Jet Airways stake sale: Airline may hit substantial ownership and effective control hurdle
Jet Airways stake sale: The present rules allow 100 per cent foreign direct investment (FDI) into an Indian carrier but the stake ownership of foreign airlines has been capped at 49 per cent.
The stake sale process for the grounded Jet Airways could hit the "substantial ownership and effective control" clause of the official civil aviation rules (CAR) and cast a shadow on public sector banks` (PSBs) efforts to fully recover their dues from the debt-laden airline, according to analysts. "Now, if Etihad teams up with foreign private equity firms or fund houses it will have to ensure that effective control of airline still rests in Indian hands. This will be difficult. Clarity is needed on this," an aviation policy expert said.
The present rules allow 100 per cent foreign direct investment (FDI) into an Indian carrier but the stake ownership of foreign airlines has been capped at 49 per cent. Besides, the investors have to also comply with the clause of substantial ownership and effective control (SOEC).
Air Asia India, a joint venture of Tata Sons and Malaysian carrier Air Asia, had come under scrutiny for alleged violation of the SOEC clause and had to fight legal battles to prove its Indian control.
Qatar Airways was once keen to set up a local unit in India but could not do so due to the restrictive FDI rules.
Opening a floodgate for FDI across various sectors, the Modi government had in 2016 allowed foreign investors to pick up 100 per cent equity stake in Indian carriers but retained the cap of 49 per cent for foreign airlines. It also continued with the SOEC provision for issuing a flying permit to an airline.
"There is FDI cap of 49 per cent for foreign airlines so Etihad ownership can not breach that. Secondly, substantial ownership and effective control should be in the hands of Indian entities.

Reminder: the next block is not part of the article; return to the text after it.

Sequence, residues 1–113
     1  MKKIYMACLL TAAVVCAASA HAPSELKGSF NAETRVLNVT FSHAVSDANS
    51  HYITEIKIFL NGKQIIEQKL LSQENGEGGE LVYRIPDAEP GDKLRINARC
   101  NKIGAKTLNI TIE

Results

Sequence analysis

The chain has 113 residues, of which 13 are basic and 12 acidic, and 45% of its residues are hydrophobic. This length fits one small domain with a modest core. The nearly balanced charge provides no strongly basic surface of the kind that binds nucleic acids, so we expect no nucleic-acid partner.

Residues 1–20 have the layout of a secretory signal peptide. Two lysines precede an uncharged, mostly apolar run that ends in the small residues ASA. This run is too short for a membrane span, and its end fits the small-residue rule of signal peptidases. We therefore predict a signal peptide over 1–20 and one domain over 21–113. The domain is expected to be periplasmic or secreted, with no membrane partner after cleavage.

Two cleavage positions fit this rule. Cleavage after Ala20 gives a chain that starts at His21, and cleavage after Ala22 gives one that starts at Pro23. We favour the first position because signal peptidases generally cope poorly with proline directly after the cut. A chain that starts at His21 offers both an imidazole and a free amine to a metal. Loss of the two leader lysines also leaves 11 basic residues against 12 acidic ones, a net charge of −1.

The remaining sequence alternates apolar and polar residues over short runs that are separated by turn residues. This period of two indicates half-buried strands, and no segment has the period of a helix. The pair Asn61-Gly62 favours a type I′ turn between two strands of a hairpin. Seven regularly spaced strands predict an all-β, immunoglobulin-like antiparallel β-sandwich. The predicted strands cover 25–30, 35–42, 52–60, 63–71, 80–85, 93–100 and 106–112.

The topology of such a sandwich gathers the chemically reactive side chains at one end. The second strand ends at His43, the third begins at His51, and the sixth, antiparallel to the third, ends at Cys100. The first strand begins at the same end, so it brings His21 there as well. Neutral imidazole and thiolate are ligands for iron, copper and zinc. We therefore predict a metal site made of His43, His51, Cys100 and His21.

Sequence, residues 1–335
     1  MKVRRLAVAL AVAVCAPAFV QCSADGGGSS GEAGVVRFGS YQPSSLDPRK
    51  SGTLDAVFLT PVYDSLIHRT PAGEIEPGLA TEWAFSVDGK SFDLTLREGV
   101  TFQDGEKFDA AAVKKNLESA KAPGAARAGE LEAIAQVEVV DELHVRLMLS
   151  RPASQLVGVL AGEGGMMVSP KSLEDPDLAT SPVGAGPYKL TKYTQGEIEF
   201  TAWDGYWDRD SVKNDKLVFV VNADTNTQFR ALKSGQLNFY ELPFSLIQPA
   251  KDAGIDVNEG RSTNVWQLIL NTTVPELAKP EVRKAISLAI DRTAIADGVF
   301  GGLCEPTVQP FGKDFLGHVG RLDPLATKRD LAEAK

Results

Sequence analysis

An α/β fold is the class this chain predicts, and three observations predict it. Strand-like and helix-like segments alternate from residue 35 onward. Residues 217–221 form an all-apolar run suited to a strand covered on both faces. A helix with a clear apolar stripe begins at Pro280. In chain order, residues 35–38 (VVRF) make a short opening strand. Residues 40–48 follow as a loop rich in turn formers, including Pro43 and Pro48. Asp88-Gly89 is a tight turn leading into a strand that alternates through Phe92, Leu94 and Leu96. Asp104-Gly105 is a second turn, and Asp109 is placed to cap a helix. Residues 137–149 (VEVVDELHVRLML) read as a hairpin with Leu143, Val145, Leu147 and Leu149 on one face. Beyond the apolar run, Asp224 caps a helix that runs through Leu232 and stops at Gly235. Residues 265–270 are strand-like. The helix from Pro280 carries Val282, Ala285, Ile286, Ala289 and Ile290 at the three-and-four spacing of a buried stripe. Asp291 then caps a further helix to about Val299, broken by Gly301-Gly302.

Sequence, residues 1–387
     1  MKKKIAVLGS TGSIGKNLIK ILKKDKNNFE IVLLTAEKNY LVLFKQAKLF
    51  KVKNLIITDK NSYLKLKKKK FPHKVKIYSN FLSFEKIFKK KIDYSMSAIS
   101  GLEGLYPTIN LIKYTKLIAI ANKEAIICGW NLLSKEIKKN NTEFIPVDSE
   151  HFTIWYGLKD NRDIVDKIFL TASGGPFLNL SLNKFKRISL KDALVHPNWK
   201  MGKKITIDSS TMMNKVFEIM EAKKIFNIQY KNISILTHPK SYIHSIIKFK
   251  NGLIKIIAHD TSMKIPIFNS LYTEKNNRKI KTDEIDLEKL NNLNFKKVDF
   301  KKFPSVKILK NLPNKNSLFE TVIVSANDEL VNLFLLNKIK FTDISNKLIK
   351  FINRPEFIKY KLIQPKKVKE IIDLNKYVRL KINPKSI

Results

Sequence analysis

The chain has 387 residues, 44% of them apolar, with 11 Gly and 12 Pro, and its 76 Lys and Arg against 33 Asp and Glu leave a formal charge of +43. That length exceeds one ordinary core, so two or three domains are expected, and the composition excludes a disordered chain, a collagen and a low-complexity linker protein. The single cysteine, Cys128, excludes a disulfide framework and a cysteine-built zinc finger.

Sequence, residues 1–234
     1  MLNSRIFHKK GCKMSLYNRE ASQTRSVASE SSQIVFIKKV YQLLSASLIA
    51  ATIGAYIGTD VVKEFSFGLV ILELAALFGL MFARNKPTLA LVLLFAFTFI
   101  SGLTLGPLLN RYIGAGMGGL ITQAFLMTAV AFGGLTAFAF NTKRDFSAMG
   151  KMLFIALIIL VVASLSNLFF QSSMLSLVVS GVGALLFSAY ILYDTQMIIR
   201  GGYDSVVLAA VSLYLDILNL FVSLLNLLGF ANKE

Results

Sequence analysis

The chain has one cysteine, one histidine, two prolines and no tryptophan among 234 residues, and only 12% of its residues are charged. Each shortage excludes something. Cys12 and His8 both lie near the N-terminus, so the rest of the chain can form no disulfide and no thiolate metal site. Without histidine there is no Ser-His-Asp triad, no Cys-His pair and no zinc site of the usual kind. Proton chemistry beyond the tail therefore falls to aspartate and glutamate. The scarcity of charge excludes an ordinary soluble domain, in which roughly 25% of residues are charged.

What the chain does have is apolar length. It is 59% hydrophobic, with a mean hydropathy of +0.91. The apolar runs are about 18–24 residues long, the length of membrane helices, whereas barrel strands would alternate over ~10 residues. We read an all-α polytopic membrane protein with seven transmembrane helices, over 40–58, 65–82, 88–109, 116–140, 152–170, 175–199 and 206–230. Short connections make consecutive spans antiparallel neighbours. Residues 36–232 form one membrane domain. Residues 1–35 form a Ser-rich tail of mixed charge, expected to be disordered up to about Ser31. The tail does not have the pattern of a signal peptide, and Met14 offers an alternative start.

"Further, the majority of members of the Board have to be Indian citizens. So, it would be critical for foreign companies to comply with but apparently not difficult to maintain," a former Civil Aviation Secretary said.
"This issue would be there. But I think DGCA (Directorate General of Civil Aviation) will have to rule on it as it did in case of Air Asia India," he added.
PwC India partner Dhiraj Mathur said that the issue of SOEC may come up in the Jet case.
Private equity firm TPG Capital, Indigo Partners, National Investment and Infrastructure Fund (NIIF) and Etihad Airways are in the race to buy a stake in the grounded Jet Airways.
Watch this Zee Business Video
The lenders consortium of Jet Airways led by state-run State Bank of India (SBI) is currently in the process of selling the airline to recover their dues of over Rs 8,400 crore. SBI Caps, the merchant banking arm of SBI, is currently shortlisting the investors for submitting their financial proposal by April-end.
Get Latest Business News, Stock Market Updates and Videos; Check your tax outgo through Income Tax Calculator and save money through our Personal Finance coverage. Check Business Breaking News Live on Zee Business Twitter and Facebook. Subscribe on YouTube.